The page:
“These things all worked in concert to make it reasonably reliable during a breaking news event, which is why people went there. Misinformation did go viral on the old Twitter, but they would often just kill the trend before it got anywhere,” she said.

The present: Musk’s wild west

All three of these pillars were dismantled swiftly after Musk acquired the platform at the end of 2022, Barnet says.

The trust and safety teams were among those fired by Musk in the wild weeks after he acquired the company for US$44bn and walked into the headquarters on his first day holding a ceramic sink. A video of Musk’s entrance was posted to the site with the caption: “Let that sink in”.

Many of those who had been blocked from the site for breaching its online rules, including Donald Trump, had their accounts reinstated (though Trump’s account was later blocked again).

The verification process changed dramatically. Instead of people being granted blue ticks because they were a public figure or worked for a recognised news site, ticks were now available for purchase.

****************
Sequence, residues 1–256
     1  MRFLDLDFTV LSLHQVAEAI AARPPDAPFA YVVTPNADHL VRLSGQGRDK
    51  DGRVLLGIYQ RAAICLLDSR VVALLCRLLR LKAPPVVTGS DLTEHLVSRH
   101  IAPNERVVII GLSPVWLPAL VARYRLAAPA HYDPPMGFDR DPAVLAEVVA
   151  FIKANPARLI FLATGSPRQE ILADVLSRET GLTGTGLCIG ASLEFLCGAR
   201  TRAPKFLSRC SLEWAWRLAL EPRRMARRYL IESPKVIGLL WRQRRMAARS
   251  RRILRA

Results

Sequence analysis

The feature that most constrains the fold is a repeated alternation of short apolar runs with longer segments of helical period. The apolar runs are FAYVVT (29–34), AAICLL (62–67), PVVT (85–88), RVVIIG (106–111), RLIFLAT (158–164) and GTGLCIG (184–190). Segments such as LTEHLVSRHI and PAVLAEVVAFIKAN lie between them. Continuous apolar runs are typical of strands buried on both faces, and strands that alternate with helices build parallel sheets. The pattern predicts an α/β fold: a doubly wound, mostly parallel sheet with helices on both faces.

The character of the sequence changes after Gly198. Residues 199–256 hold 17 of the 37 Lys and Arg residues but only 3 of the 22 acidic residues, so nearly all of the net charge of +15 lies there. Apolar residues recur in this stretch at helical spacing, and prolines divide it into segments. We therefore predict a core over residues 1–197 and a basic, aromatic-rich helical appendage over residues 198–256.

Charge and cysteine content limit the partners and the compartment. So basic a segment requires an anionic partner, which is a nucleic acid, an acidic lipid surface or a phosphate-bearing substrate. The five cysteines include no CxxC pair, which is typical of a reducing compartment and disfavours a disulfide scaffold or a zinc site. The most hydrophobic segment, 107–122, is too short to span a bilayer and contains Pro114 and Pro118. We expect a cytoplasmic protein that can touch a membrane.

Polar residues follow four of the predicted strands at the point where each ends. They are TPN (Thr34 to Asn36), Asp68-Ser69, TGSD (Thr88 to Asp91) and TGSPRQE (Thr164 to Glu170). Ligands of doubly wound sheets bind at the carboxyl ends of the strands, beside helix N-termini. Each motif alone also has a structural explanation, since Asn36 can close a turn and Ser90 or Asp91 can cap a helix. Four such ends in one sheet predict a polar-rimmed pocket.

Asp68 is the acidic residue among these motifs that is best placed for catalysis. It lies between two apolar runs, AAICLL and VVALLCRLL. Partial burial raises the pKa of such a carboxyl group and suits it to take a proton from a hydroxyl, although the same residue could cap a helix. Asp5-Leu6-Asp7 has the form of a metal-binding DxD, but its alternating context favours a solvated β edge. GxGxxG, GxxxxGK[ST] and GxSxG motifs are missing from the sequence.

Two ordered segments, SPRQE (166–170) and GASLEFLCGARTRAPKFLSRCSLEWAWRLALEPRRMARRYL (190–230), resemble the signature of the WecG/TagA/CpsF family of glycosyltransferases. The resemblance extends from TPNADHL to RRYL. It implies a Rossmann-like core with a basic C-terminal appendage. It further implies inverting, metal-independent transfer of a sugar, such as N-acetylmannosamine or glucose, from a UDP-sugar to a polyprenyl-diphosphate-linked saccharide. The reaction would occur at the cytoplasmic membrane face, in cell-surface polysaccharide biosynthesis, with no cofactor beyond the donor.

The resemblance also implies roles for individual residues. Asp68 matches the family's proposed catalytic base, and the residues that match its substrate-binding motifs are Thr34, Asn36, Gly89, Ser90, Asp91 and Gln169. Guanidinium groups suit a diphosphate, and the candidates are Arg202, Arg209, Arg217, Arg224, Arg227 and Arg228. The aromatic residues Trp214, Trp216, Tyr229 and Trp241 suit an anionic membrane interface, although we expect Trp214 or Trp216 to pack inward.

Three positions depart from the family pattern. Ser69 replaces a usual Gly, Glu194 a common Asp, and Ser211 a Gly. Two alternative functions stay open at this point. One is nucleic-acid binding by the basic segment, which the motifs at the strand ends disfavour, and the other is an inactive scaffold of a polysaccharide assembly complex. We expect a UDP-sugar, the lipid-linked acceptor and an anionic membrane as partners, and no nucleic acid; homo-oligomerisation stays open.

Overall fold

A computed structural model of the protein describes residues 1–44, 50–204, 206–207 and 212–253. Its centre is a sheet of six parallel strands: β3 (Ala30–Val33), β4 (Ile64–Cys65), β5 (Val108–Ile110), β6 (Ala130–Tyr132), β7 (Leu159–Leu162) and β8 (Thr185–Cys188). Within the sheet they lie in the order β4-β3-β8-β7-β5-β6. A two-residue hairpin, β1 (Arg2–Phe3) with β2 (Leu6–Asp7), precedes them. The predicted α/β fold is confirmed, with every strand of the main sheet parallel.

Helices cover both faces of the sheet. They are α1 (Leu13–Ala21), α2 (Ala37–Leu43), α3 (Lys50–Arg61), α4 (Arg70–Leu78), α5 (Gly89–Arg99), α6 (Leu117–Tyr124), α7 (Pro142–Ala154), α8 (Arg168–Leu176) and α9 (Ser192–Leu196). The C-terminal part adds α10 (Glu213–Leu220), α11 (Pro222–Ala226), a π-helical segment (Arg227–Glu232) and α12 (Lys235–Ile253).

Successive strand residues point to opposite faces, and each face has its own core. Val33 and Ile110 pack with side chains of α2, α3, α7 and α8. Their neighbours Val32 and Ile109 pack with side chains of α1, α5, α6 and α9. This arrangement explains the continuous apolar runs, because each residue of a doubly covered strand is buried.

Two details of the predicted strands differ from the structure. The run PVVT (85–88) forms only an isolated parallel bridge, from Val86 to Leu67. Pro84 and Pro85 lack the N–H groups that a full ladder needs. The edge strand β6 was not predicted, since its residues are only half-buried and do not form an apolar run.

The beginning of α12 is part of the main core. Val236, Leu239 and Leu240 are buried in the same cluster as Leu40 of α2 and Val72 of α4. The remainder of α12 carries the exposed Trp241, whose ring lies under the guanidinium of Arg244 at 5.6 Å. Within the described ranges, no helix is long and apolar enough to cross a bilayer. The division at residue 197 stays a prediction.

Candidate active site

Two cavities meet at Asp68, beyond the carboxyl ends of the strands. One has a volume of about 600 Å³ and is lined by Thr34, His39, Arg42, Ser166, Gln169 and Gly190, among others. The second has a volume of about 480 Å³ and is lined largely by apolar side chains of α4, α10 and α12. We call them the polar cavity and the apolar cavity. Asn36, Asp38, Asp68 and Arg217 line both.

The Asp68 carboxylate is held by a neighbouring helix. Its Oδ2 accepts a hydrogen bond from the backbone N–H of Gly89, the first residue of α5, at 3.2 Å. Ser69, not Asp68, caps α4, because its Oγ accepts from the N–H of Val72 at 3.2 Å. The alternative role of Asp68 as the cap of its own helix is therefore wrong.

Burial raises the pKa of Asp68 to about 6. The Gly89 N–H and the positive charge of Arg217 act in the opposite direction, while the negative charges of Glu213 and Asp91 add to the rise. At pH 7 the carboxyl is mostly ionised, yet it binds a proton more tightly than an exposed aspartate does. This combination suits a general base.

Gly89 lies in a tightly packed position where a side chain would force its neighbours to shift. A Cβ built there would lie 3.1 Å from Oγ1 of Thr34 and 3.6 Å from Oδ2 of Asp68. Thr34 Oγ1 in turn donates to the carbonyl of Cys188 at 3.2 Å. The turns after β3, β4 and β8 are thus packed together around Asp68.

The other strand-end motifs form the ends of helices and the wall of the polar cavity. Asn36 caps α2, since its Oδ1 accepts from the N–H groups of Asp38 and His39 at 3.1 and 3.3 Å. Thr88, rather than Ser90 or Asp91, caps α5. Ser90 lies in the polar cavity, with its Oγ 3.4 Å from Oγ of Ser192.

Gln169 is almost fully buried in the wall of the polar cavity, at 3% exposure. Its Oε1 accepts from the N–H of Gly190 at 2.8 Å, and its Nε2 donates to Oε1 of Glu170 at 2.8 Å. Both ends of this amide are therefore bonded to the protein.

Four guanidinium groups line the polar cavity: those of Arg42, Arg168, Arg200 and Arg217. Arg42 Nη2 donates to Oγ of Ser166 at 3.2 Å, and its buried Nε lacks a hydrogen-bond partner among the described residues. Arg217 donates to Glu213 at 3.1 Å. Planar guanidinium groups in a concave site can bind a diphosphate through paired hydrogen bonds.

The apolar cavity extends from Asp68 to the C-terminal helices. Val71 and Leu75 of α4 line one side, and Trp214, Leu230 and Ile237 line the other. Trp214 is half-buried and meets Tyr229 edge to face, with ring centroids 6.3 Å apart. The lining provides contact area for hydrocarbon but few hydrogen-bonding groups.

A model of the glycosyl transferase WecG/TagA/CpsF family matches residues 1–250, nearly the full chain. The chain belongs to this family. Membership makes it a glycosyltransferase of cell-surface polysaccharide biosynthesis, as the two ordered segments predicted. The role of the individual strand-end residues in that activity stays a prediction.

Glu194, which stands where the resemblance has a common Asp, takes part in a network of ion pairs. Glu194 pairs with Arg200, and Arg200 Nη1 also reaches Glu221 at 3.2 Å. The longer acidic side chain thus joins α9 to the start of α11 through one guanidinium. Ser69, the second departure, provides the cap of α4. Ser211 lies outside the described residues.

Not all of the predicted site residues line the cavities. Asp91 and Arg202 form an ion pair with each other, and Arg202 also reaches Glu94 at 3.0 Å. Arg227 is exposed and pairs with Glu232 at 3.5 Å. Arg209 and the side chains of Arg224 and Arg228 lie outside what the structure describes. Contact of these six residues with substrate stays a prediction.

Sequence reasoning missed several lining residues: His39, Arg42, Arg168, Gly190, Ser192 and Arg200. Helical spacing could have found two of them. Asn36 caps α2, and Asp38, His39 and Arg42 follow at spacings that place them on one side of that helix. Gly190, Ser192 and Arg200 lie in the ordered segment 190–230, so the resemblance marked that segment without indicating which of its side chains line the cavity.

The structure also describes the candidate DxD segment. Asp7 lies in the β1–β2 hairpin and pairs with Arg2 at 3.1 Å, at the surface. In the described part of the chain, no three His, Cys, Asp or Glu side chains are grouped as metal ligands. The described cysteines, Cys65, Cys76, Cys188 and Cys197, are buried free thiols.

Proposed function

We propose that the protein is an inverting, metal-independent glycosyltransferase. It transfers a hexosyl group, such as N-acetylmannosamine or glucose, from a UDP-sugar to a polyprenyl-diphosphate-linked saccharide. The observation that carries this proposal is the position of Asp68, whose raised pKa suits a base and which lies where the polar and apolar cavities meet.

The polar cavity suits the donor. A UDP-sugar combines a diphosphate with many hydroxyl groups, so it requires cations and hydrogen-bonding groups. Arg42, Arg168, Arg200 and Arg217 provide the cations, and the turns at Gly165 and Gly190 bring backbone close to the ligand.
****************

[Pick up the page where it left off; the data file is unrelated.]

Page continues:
The approach to moderation also changed. Musk’s spat with the Australian government reveals something about his vision for X, which he sees as a bastion of free speech.

“They’re very reluctant to engage in any kind of moderation,” says Bruns. “To some extent that represents a broader sense in the US about free speech that it is an absolute good above all. Whereas elsewhere in Australia and Europe and many other places there’s much more about needing to balance the rights of free speech and the right to freedom from harmful speech. And for many otherwise quite liberal people in the US, that sounds like censorship, essentially.”

Ironically, X has suspended accounts of people who have criticised Musk, including the accounts of several high-profile journalists from CNN, the New York Times and the Washington Post who had been critical of him in 2022. At the same time, he banned an account tracking the whereabouts of his own personal jet using publicly available data.

“Elon wants it both ways,” says Barnet. “He wants it to be the original Twitter, which was indeed, absolutely crucial to the news cycle”, but also to “take away the pillars, the processes that Twitter had worked out over years and years are what is conducive to a community that can find facts.”

“I think it’s turning into a toxic mess,” says Barnet.

The future: an uncontrollable place